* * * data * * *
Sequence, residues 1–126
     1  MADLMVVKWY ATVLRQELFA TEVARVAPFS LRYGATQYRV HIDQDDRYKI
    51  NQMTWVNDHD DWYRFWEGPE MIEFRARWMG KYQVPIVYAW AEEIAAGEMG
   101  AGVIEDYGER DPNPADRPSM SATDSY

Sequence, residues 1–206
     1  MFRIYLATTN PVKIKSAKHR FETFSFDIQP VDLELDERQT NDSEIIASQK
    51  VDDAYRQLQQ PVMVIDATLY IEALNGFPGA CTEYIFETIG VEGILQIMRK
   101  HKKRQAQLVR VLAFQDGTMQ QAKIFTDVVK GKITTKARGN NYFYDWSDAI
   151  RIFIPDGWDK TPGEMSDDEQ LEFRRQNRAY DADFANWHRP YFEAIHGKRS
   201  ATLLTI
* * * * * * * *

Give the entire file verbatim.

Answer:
Sequence, residues 1–126
     1  MADLMVVKWY ATVLRQELFA TEVARVAPFS LRYGATQYRV HIDQDDRYKI
    51  NQMTWVNDHD DWYRFWEGPE MIEFRARWMG KYQVPIVYAW AEEIAAGEMG
   101  AGVIEDYGER DPNPADRPSM SATDSY

Sequence, residues 1–206
     1  MFRIYLATTN PVKIKSAKHR FETFSFDIQP VDLELDERQT NDSEIIASQK
    51  VDDAYRQLQQ PVMVIDATLY IEALNGFPGA CTEYIFETIG VEGILQIMRK
   101  HKKRQAQLVR VLAFQDGTMQ QAKIFTDVVK GKITTKARGN NYFYDWSDAI
   151  RIFIPDGWDK TPGEMSDDEQ LEFRRQNRAY DADFANWHRP YFEAIHGKRS
   201  ATLLTI